When taken in high doses or for prolonged periods, aspirin damages tissues in the body, including the lining of the stomach and intestines, laying the groundwork for stomach cramps, heartburn, nausea, and in some cases blood-ridden stools.
Headaches by Robert Milne MD and Blake More, page 62
Ibuprofen (such as the brand-name product Motrin) is a relative newcomer to the painkiller market, having been available for many years only as a prescription drug. Possible side effects include nausea, vomiting, stomach cramps or pain, constipation, diarrhea, heartburn, stiff neck, headache, fever, dizziness, depression, insomnia, blurred vision, or swelling of hands and legs.
Home Safe Home by Debra Lynn Dadd, page 157
Nonsteroidal anti-inflammatory drugs (NSAIDs) can ease pain, lower a fever, and help control inflammation. They are frequently prescribed for arthritis, as well as for muscle strains, headaches, and other conditions. These medications can cause serious digestive tract upset, including heartburn, indigestion, and bleeding or perforated ulcers.
The People's Guide To Deadly Drug Interactions by Joe Graedon and Teresa Graedon PhD, page 257
Some people are sensitive to regular vitamin C. The acidity upsets their stomach or causes heartburn.
Natural Physicians Healing Therapies by Mark Stengler ND, page 461
Chamomile and peppermint teas both work for simple heartburn and nausea; but peppermint, because it relaxes the sphincter muscle where the esophagus joins the stomach, may make esophageal reflux worse.
Spontaneous Healing by Andrew Weil MD, page 319
Sometimes the first warning sign of gastrointestinal tract damage for those taking anti-inflammatory drugs is heartburn or some similar stomach upset. As warning signs go, this is of limited use since episodes of heartburn can be so frequent and have so many other causes.
Prescription For Disaster by Thomas J Moore, page 142
Gingko is also well known to cause heartburn and stomach upset in many people.
Prescription Medicines, Side Effects and Natural Alternatives by American Medical Publishing, page 97
Peppermint aids in healing and digestion, and also relieves upset stomach and gas or that "too-full" feeling. It must be taken in enteric-coated capsule form to prevent the oil from being released before it reaches the colon. Do not take any other form, or heartburn may result.
Prescription For Nutritional Healing by Phyllis A Balch CNC and James F Balch MD, page 478
Some people taking chlorzoxazone have experienced drowsiness, headache, upset stomach, nausea, vomiting, heartburn, constipation, diarrhea, and loss of appetite as adverse effects.
Worst Pills Best Pills by Sidney M Wolfe MD and Larry D Sasich PharmD MPH, page 712
If you take too much goldenseal, it can dry out mucous membranes or cause irritation along the digestive tract. Also, some people get heartburn and digestive upset unless they take it with meals.
Natural Physicians Healing Therapies by Mark Stengler ND, page 241
Methocarbamol's adverse effects include drowsiness, lightheadedness, dizziness, nausea, vomiting, heartburn, abdominal distress, constipation, diarrhea, and loss of appetite. If you use this drug for a long time, you may develop drug-induced dependence.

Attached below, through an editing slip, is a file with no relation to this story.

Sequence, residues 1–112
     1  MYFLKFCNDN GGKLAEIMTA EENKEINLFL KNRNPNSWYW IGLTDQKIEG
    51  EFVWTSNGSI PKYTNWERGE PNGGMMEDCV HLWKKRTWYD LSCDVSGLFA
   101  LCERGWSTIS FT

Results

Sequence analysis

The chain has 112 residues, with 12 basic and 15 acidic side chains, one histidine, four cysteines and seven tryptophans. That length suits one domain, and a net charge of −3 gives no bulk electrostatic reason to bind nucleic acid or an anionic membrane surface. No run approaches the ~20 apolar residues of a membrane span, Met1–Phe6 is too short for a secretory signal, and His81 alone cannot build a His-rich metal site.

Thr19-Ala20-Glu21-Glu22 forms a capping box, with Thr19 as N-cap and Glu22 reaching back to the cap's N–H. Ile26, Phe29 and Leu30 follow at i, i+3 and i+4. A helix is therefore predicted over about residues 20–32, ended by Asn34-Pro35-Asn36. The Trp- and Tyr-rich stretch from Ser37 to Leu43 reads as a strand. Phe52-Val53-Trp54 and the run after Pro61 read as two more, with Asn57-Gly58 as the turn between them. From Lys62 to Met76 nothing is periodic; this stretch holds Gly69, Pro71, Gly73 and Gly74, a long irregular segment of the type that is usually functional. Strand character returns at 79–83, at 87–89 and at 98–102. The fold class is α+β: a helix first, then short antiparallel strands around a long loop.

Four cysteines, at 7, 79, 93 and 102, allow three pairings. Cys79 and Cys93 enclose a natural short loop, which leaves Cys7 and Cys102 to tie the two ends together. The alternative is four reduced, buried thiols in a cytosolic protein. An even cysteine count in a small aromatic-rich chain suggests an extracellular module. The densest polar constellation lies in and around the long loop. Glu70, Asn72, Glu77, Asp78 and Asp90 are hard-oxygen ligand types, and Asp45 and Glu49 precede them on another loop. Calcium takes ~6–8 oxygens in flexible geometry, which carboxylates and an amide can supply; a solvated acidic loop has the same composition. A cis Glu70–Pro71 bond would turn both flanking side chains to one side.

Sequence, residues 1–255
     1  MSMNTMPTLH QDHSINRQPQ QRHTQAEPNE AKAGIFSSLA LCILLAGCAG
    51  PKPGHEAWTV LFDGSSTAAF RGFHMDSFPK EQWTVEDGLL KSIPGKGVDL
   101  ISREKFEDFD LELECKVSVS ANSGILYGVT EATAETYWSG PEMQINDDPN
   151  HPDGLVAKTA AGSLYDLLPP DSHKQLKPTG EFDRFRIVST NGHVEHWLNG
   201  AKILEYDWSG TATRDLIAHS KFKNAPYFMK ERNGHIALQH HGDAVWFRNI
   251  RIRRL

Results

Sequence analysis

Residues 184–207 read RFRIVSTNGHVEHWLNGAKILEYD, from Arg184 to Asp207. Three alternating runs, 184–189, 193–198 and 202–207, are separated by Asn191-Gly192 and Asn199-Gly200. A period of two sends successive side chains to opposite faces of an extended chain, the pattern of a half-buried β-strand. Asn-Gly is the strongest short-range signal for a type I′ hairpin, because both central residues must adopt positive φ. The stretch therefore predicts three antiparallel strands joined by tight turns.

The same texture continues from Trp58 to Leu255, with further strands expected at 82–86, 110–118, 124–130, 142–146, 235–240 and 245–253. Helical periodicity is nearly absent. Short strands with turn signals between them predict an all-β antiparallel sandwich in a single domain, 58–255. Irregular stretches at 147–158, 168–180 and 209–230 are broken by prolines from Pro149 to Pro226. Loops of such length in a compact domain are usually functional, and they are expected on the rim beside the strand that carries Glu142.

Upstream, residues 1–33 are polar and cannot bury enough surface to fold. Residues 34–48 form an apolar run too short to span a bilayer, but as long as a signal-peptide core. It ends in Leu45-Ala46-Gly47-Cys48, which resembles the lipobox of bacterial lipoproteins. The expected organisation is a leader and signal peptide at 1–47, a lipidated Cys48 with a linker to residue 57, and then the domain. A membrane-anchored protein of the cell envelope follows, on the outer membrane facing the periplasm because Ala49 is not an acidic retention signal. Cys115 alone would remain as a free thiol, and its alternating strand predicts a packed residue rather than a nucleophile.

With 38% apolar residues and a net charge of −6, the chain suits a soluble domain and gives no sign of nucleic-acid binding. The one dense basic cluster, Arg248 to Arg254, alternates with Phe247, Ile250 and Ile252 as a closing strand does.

Worst Pills Best Pills by Sidney M Wolfe MD and Larry D Sasich PharmD MPH, page 730
It is hardly surprising that this person did not suspect that medicine prescribed for heartburn would cause psychiatric symptoms. But it was criminal that the psychiatrists did not immediately ask about all the medications she was taking and realize the muscle twitching, insomnia, depression, and suicidal thoughts were probably drug-induced side effects. A surprising number of prescription and over-the-counter medications can throw a monkey wrench into the mental machinery.
Graedon's Best Medicine by Joe Graedon & Dr Teresa Graedon, page 203
A thirty-six-year-old man came to me complaining of indigestion and heartburn. The symptoms were so frequent that he was used to eating over-the-counter antacid tablets regularly.
8 Weeks To Optimum Health By Andrew Weil MD, page 38
Enteric-coated peppermint oil is used in Europe to treat IBS. Without enteric coating, the peppermint oil is absorbed in the upper digestive tract, often causing heartburn and esophageal reflux (stomach acid regurgitating into the esophagus). Ginger also has a long history of use to relieve digestive complaints.
Alternative Medicine by Burton Goldberg, page 722
Dicyclomine may cause drowsiness, blurred vision and dizziness. Use caution while driving. Other possible side effects include dry mouth, altered taste, nausea, vomiting, difficulty swallowing, heartburn, constipation, a bloated feeling, intestinal obstruction, difficulty urinating, impotence, abnormal dilation of the pupils, increased sensitivity to light (photophobia), paralysis of the muscles that dilate the pupils, increased pressure of the fluid within the eyes, heart rhythm irregularities, headache, flushing, nervousness, weakness, confusion, insomnia, fever (especially in children), mental confusion or overexcitement (especially in the elderly), rash, itching, nasal congestion, decreased sweating, suppression of milk production in nursing mothers.
Prescription Alternatives by Earl Mindell RPh PhD and Virginia Hopkins MA, page 203